A new helpline for victims of workplace sexual harassment says it has been inundated with calls since its launch, with women reporting “sustained campaigns” of sexualised bullying, demotions for speaking out and even incidents of assault and rape.
Actor Emma Watson helped launch the Sexual Harassment at Work helpline in August, the only one of its kind and funded through donations in the wake of the #MeToo scandal.
Deeba Syed, a senior legal officer at the Rights of Women charity who runs the helpline, revealed it had now expanded its opening hours, team of staff, and volunteering lawyers in response to “massive demand.” It was also recently nominated in the LawWorks Pro Bono Awards.
Speaking to Yahoo Finance UK, Syed told of her shock at the number of callers reporting assaults and rapes, as well as “sustained campaigns” rather than one-off incidents of harassment.
She said most callers had already complained but said they were ignored or victimised, on top of a “culture of silence” among colleagues over reportedly known repeat perpetrators.
Syed said: “It’s not women calling about one-off comments or ‘bantery’ jokes. Women are used to that. It’s sustained bullying or harassment, and there’s a pattern of sexual or sexist comments, which tend to escalate in an incident of a sexual advance or remark.
“What we’ve seen come through is a serious, significant problem of sexual harassment in the workplace, across all sectors. It’s endemic, and what we have always feared.
“There’s massive demand, as we give impartial, confidential, specialist employment advice in a climate of disbelief for women who come forward.
Panic attacks and sick leave
“A significant amount involve sexual assault and rapes. Others say they can’t go to work, they’re having panic attacks thinking about it or they’ve been signed off sick with anxiety, depression or post-traumatic stress. The impact is huge.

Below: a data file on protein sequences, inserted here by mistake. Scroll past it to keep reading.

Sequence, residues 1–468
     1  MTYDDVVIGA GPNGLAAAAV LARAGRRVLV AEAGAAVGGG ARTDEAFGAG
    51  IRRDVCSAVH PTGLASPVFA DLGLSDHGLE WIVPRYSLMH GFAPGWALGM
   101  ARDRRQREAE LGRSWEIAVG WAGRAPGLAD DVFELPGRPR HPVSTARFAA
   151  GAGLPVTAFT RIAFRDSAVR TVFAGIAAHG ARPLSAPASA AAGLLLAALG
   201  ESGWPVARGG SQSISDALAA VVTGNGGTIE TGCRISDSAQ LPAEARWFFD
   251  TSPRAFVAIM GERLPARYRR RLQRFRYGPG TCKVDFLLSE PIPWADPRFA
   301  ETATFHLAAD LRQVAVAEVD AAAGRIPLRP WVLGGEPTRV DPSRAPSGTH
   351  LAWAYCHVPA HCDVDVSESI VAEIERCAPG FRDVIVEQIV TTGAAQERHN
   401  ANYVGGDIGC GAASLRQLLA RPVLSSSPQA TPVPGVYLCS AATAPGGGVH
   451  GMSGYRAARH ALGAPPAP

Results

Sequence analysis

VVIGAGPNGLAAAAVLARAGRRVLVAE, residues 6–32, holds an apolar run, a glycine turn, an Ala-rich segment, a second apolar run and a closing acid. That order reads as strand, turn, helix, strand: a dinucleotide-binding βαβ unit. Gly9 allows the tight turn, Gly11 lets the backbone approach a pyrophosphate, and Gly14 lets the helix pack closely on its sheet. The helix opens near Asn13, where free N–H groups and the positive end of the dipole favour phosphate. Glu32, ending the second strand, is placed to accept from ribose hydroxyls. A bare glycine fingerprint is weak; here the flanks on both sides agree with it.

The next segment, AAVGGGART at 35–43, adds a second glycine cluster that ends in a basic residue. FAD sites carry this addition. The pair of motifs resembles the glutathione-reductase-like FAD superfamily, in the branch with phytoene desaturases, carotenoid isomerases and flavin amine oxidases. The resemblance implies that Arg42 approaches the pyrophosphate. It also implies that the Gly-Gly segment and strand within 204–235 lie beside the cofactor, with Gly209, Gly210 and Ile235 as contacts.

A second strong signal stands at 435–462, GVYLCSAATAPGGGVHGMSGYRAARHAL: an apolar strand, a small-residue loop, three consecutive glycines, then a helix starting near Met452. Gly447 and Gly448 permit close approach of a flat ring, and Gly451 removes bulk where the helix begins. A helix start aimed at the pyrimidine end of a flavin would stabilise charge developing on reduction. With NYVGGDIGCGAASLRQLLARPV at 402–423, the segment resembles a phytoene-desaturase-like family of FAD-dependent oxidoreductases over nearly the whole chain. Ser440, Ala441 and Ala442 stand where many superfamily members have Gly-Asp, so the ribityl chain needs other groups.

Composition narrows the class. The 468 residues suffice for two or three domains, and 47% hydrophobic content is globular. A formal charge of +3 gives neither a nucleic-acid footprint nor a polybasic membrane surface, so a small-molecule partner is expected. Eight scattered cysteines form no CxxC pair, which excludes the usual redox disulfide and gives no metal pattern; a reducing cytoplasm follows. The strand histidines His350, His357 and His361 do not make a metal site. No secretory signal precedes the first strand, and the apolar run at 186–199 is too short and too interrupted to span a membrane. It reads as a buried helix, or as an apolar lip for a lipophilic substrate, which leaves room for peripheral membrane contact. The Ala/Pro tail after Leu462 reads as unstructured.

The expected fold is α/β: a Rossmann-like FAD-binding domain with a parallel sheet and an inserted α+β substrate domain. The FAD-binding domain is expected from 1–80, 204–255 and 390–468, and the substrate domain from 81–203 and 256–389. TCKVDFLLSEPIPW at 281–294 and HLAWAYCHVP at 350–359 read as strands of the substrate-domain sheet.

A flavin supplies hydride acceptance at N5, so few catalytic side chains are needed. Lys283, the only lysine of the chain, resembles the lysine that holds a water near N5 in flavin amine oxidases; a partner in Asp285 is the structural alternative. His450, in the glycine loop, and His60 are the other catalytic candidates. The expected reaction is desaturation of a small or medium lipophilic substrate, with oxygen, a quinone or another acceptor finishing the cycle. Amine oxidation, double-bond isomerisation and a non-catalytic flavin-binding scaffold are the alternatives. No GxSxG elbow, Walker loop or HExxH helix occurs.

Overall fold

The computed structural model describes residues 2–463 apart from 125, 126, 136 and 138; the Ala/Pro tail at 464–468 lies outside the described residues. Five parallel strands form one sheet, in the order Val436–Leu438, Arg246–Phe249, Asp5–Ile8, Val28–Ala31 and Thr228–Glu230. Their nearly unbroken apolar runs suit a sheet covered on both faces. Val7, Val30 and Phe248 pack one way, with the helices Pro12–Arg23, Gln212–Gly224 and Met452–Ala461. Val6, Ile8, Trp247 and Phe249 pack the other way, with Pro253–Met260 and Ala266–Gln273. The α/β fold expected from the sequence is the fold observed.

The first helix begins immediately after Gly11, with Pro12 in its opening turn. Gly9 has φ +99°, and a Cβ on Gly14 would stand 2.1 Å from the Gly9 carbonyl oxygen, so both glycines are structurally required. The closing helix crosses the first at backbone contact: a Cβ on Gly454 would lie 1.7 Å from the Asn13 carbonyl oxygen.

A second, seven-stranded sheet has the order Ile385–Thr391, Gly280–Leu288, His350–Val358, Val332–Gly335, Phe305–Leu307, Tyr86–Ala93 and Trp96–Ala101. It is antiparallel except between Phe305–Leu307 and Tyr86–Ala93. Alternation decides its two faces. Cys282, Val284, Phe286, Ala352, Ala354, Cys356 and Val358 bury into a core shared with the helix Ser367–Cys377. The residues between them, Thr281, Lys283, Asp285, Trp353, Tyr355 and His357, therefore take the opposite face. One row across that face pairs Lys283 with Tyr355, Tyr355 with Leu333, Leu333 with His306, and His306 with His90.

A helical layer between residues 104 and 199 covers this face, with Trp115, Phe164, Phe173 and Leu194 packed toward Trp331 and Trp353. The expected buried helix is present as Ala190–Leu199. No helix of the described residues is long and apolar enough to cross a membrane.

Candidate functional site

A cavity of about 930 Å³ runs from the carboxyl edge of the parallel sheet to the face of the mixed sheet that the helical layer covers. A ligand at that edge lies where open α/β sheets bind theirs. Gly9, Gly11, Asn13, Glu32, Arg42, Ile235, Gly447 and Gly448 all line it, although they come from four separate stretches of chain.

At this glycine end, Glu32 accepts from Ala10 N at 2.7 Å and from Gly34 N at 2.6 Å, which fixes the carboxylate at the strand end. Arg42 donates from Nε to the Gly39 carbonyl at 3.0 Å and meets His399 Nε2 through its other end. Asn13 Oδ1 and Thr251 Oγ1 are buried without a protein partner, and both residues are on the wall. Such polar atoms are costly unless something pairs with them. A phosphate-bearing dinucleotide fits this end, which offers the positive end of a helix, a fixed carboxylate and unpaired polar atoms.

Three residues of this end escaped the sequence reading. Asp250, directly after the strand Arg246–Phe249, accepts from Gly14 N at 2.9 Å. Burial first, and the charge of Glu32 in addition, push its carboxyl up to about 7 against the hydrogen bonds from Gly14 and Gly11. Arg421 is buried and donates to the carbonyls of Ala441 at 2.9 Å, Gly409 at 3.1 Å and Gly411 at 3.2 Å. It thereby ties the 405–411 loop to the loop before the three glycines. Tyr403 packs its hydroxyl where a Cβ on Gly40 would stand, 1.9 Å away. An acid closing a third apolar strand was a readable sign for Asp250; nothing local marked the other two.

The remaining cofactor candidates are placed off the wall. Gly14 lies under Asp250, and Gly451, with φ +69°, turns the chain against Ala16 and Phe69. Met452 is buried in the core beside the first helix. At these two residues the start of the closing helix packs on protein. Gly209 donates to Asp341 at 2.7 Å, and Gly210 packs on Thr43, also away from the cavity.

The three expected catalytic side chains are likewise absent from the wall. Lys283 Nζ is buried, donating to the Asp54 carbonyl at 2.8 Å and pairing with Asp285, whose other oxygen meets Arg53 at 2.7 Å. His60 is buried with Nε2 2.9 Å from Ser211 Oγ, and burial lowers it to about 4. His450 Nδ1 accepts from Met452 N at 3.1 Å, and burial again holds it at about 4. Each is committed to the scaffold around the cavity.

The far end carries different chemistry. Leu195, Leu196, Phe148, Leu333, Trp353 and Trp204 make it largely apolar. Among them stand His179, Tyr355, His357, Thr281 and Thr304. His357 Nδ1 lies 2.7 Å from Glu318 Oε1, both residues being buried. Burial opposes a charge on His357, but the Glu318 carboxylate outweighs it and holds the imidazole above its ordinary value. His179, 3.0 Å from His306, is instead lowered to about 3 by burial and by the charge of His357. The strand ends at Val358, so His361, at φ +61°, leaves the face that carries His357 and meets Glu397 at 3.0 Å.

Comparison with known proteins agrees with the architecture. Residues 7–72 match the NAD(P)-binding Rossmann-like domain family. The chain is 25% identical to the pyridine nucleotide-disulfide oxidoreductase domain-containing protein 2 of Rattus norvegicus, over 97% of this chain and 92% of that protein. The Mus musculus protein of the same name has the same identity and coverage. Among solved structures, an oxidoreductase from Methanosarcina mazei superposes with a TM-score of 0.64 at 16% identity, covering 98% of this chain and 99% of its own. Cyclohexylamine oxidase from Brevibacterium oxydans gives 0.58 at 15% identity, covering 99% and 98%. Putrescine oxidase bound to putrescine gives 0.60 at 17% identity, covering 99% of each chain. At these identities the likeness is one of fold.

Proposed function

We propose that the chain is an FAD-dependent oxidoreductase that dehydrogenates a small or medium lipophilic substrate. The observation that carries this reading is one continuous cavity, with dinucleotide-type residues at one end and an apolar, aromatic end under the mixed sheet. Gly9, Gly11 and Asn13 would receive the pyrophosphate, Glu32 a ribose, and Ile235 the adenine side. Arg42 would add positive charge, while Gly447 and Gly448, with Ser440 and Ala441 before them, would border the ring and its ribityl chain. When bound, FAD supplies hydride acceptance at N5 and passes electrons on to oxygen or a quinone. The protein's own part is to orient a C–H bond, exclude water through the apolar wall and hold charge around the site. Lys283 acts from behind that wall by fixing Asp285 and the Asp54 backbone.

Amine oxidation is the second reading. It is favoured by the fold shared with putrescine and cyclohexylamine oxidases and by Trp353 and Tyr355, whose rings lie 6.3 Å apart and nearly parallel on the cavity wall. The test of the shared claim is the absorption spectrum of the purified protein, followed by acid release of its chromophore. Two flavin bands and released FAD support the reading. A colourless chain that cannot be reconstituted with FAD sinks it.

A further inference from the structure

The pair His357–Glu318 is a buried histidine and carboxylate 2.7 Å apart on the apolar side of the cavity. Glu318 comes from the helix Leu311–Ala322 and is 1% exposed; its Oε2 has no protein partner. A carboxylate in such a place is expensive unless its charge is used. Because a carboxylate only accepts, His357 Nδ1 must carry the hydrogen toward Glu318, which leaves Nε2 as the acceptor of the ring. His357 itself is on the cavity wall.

“Some are victimised for rejecting sexual advances — disinvited to meetings, put on performance plans or demoted.
“Only the minority are checking if is harassment — the majority are fully aware it is.”
The charity, funded via the Time’s Up movement and charitable fund Rosa, hopes its findings can give fresh insights into the scale and forms of harassment in modern Britain, given a lack of official data.
A 2016 survey by the Trades Union Congress (TUC) found 52% of women had experienced sexual harassment, but the vast majority went unreported. Syed said women speaking out during the early #MeToo movement were the “tip of the iceberg.”
Rights of Women is also calling for a new duty on employers to prevent harassment to “retip the scales,” calling employment tribunals an expensive, difficult system that put the burden for enforcing rights on complainants.
Syed said the breadth of callers had been striking, with a wide range of ages, industries, employer sizes and kinds of employment, from zero-hour contract workers to full-time professionals.
Healthcare, retail, hospitality and leisure had been particularly prominent among industries. “We’ve had quite a few from startups,” she added.
But she said the common theme was “people in positions of power abusing that power,” with most callers more junior in their organisation.
Syed was keen to emphasise that callers’ problems typically went well beyond specific incidents or even harassers themselves, with victims facing a “culture of disbelief” in their workplaces.
She said victimisation for speaking out over one or repeated incidents formed a key but less understood part of the picture. Some women reported that employers “dismissed or minimised” their complaints and in some cases the victims were suspended themselves.
“The bulk of what we deal with is women treated unfairly by the system. We see women being deterred from making complaints, seeing complaints flat out ignored or being punished or threatened with the sack.
“There’s a closing of ranks; people protect the harasser,” Syed added.
She also said many women reported their harassers as known, and behaving similarly to other women. “There’s a culture of silence and deference, with a reluctance to challenge people.
“Sexualised bullying can be part of the workplace culture that’s laughed along with or encouraged. We have to move away from the idea it’s ‘not that bad.’”
The Sexual Harassment at Work helpline provides free specialist legal advice, including identifying sexual harassment, how to complain, how to file tribunal claims and navigating settlement and non-disclosure agreements on 020 7490 0152. Visit the Rights of Women website for the latest opening times.